Depression affects over 16 million American adults each year. It can have a variety of causes and can manifest in numerous ways.
In modern psychiatry, treatment of depression often includes prescription antidepressant medications called “selective serotonin reuptake inhibitors” (or SSRIs). The trouble is that many of these drugs come with negative side effects.
Known side effects of antidepressants include:
- Serotonin syndrome
- Headaches, dizziness, or blurred vision
- Nausea, indigestion, or other gastrointestinal issues
Fortunately, there are a number of natural remedies that may be just as effective in relieving even moderate depression and severe depression symptoms. We’ll show you how.
What is Depression?
Depression is classified as a mood disorder, much like anxiety and bipolar disorder. According to the National Institute of Health, it is characterized by “a persistent feeling of sadness or loss of interest.”
Other symptoms of depression include:
- Feelings of guilt or worthlessness
- Changes in weight or appetite
- Difficulty sleeping
- Decreased energy
- Inability to concentrate
- Frustration or irritability
- Suicidal thoughts
We all may experience these things from time to time. What sets depression apart as a mood disorder is the severity of the symptoms and their continued presence over time. A trained medical professional can help make sense of this.
Causes of major depressive disorder can range from health factors to family dynamics. Some causes include:
- Genetic factors
- Family history
- Stressful life events
- Illness or injury
- Drug and alcohol use
Is there a quick cure for depression? There is no quick fix for depression. Because the causes of depression can vary significantly from person to person, it takes time to find the optimal treatment plan for each patient. Once a treatment plan has been decided, it can also take time for the patient to begin seeing results.
What are some natural remedies for depression? Natural remedies for depression can include a range of options, from dietary adjustments to exercise and even mindfulness practices. We’ll take you through a variety of these remedies below.
Treating Depression: Home Remedies, Therapies, and Supplements
There is a wide variety of alternative medicines available to help with symptoms of depression. In fact, complementary and alternative medicines are widely used by mental health patients. These can range from supplements and herbal remedies to simple lifestyle changes. Here is a look at some of the best options.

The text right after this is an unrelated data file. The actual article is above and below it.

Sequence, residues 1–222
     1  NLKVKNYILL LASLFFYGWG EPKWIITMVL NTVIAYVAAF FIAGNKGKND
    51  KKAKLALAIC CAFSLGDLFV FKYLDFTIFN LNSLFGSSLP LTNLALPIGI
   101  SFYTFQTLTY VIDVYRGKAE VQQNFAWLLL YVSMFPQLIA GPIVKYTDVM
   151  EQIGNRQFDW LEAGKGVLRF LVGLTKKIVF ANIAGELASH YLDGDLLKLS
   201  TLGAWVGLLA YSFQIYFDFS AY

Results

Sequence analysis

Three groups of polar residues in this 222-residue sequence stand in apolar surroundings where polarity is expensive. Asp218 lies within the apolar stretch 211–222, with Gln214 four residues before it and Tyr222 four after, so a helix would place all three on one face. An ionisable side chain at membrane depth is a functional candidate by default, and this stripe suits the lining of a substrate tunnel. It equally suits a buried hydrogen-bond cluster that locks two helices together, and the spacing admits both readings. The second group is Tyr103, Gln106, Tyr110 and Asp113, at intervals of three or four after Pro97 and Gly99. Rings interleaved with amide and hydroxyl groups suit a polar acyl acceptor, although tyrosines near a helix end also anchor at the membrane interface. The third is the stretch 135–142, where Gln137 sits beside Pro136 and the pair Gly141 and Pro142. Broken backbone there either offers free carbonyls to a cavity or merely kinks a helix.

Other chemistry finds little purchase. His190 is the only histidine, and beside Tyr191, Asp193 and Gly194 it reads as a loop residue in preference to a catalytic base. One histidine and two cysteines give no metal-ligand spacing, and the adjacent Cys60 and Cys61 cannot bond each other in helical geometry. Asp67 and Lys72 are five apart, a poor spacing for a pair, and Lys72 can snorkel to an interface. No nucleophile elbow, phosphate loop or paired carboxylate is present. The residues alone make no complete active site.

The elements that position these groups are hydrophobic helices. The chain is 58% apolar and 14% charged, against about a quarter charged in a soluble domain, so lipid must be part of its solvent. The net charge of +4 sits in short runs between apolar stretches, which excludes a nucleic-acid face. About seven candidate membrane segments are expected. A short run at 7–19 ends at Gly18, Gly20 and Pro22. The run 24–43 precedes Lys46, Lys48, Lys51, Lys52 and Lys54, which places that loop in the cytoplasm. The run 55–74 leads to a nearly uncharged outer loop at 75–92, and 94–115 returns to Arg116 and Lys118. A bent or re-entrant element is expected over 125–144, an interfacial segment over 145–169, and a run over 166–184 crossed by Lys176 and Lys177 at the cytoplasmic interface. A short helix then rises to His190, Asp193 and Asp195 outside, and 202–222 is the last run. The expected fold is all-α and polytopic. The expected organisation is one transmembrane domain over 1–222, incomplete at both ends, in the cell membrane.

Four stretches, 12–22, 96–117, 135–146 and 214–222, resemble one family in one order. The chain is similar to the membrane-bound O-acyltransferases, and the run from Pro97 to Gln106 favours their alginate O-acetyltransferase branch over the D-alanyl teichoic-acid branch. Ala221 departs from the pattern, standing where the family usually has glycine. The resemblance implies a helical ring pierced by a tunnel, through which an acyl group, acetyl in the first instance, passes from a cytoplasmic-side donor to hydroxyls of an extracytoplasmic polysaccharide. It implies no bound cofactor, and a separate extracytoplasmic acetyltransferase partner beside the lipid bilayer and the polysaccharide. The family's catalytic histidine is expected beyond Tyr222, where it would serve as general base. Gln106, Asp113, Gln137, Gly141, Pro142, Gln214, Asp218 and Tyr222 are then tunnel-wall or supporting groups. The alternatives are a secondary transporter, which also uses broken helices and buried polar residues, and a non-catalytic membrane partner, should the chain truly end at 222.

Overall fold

A set routine can help provide a sense of structure and purpose. Your daily routine encompasses your sleep habits, eating habits, and physical activity. These are all important aspects of balancing your mental health and well-being. Maintaining a set routine may also reduce anxiety, which can often accompany depression.
Get Good Sleep
Conversely, when we don’t get adequate sleep, we can suffer a host of consequences. One randomized controlled trial found that insomnia can cause mental health issues, including “psychotic experiences.”
Eat Healthy Meals
Good nutrition is often associated with physical health. However, what you eat can play a significant role in mental health, as well. Like good sleep, your diet can impact everything from your energy levels to cognitive function and feelings of stress and anxiety.
Your optimal diet will depend on your individual biochemistry and food sensitivities. However, a healthy diet generally includes whole foods over processed foods and foods rich in nutrients.
Get Your Body Moving
Even low levels of physical activity may have a profound impact on mental health. If you’re struggling with symptoms of depression, the simple act of getting up and going for a walk may make all the difference.
Here are some more options to consider:
Physical exercise impacts more than just our physical health. Regular exercise can be highly effective in treating symptoms of depression. It can directly influence our mood state for the better. Exercise can also reduce inflammation, which is linked to depression and other mental health problems.
Yoga is a popular form of low-impact exercise that incorporates physical postures and intentional breathing. Practicing yoga can lead to health benefits like improved strength, flexibility, and peace of mind. In fact, yoga has proven to be a powerful addition to treatments for a variety of mental health issues.
Did you know that simply getting more sunlight can relieve depression? It’s true. Light therapy has long been used to help those with seasonal affective disorder, but it also shows promising results in helping people with other forms of depression and mental illness.
Sunlight is also important for maintaining healthy levels of vitamin D. Deficiencies in vitamin D have been linked to poor mental health.
Beyond the importance of sunlight, simply interacting with nature may improve mood and memory. All the more reason to get out for a stroll through your local park.
Mindfulness practices teach us how to be more present and aware of our thoughts and feelings. Practicing mindfulness can improve our well-being by helping us manage our emotions and regulate our behaviors.
Here are some ways to incorporate mindfulness into your life:
Put Down Your Phone
We say phone, but this really applies to any screen time. Pay attention to how much time you spend watching videos, scrolling through social media, and playing online or video games. As screen time increases, mental health professionals are seeing a rise in mood disorders, including depression. Individuals who spend over 4 hours per day of screen time are more likely to suffer.
Make an effort to unplug every day and engage with the space around you.
Meditation is a mindfulness practice that brings awareness to our thoughts and feelings. It can be a powerful complementary treatment for depression. A 2019 study found that even brief meditation practices can improve mood, memory, and focus.